Doing Time Inside:
Apprenticeship and Training in GWR’s Swindon Works
by Rosa Matheson
Published 9th May
Chronicling the changes of the apprenticeship process from its earliest times during the Industrial Revolution through two world wars until the closure of the Works in 1986′
The Great Western Railway’s Swindon Works was the largest employer in the area, even during the early British Railway years. For well over a hundred years thousands of apprentices and trainees passed through its doors to learn the trades of the railways. Throughout its lifetime the apprenticeship process was hard work with many constraints, particularly in the early periods when even marriage was forbidden. However, alongside the hard work there were undoubtedly good times.
Today, apprenticeship is no longer part of the national psyche as it was in previous centuries. In the early nineteenth century, however, industrial Britain was on the rise and hungry to grow. Apprenticeship was a fundamental building block of the brave new industrial world, particularly the world of railways. The demand for skilled mechanics was insatiable. From its very beginnings to its final demise, apprenticeship was a continuous thread that shaped the identity of GWR’s and later BR’s Swindon Works.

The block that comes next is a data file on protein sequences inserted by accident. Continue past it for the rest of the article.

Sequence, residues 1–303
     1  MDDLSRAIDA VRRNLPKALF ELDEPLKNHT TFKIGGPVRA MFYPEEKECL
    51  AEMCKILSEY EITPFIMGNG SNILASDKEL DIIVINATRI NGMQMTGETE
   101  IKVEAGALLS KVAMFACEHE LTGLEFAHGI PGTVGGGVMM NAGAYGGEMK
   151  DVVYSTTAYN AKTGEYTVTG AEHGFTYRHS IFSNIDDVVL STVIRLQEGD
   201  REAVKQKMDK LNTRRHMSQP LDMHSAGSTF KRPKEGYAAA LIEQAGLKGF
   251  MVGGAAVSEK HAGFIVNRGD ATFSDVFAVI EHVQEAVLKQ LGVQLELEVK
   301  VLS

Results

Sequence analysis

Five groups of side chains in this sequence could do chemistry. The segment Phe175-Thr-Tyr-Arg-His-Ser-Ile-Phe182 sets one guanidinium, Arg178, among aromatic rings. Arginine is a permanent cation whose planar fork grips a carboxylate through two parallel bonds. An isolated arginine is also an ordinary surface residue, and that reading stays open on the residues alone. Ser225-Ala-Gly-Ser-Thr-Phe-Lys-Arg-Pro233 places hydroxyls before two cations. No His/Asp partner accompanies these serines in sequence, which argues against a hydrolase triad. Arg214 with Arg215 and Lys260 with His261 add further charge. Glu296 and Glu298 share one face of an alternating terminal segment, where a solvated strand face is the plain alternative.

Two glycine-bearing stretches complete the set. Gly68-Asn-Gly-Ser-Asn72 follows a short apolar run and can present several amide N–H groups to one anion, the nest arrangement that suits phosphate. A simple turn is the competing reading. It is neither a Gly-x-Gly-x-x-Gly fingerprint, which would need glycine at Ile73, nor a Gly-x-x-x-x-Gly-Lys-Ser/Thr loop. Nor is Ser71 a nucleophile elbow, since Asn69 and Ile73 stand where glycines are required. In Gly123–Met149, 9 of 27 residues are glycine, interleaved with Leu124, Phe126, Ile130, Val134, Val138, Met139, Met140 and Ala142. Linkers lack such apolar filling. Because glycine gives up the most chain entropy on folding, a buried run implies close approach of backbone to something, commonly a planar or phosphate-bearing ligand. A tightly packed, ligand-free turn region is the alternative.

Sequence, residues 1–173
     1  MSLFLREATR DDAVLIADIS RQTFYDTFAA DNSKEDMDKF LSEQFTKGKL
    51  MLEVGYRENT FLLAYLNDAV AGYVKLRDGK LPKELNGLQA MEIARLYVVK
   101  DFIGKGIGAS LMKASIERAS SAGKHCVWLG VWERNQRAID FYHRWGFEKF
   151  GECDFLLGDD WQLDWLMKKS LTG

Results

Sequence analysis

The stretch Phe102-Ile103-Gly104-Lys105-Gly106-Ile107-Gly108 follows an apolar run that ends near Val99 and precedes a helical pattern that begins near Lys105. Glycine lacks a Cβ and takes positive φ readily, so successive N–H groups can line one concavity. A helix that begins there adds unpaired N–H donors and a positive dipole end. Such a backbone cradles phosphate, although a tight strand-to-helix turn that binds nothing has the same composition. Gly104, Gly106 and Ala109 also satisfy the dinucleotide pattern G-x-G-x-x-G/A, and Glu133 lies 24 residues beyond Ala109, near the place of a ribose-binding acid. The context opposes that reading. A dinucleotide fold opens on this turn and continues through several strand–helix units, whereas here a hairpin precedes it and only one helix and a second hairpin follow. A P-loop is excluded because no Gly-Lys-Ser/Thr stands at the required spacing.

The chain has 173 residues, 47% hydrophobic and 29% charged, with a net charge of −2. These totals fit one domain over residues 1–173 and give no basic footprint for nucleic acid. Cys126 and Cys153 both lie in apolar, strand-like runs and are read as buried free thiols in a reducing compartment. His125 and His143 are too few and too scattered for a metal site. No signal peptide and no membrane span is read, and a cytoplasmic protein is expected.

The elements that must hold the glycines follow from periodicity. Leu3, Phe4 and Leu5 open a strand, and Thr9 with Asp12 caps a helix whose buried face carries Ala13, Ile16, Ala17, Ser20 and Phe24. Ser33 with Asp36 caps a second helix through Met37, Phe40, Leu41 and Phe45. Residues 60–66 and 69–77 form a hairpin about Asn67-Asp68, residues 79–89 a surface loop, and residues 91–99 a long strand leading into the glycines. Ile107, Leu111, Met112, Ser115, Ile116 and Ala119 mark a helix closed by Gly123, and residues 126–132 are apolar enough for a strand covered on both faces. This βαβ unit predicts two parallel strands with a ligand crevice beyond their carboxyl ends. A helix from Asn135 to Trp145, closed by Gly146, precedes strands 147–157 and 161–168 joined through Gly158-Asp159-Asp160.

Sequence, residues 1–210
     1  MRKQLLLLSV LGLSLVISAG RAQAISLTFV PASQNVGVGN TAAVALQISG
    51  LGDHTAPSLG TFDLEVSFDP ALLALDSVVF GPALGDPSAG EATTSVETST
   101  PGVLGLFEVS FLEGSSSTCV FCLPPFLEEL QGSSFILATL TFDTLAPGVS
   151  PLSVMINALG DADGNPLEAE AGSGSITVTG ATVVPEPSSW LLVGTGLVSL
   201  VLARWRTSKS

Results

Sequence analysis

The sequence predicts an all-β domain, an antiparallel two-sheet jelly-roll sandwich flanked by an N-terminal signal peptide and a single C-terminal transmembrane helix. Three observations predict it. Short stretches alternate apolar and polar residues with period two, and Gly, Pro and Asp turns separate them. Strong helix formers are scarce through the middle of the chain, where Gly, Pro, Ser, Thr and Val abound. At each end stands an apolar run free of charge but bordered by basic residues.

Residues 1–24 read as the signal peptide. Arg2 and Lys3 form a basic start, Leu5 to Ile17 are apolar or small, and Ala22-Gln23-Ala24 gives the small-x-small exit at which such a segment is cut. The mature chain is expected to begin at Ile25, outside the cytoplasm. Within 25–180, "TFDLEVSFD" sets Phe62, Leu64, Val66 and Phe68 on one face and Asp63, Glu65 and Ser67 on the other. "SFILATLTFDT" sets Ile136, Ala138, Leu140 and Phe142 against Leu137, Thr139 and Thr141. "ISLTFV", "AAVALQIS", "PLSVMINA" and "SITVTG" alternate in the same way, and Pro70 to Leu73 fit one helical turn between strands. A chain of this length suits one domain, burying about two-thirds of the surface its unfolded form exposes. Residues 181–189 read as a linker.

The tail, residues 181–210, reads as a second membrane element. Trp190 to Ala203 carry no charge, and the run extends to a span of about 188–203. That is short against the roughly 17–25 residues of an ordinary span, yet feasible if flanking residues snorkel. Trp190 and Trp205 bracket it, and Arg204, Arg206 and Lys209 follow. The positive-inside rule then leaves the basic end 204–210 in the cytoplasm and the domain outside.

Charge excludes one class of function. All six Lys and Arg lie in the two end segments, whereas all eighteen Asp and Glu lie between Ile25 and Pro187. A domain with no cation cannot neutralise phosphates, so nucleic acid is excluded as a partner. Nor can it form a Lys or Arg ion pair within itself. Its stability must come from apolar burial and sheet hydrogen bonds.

An in-depth study of apprenticeship in the railway world.
Coach builders, carpenter, wheelwrights, tinsmiths, all had their place in Swindon Works’ apprenticeship story.
First-hand accounts of memories and reminiscences from workers over the years.
Illustrated with photographs and documents, many previously unpublished.
Dr Rosa Matheson is one of Swindon’s best-known railway author. A long-time enthusiast of Swindon Works, GWR and women’s railway history, she has a large collection of memorabilia and has written a number of books and articles on her pet topics. She is also active in presenting talks to the community. She has previously written TRIP: The Annual Holiday for GWR’s Swindon Works, and The Fair Sex: Women and the GWR for The History Press. She lives in Wiltshire.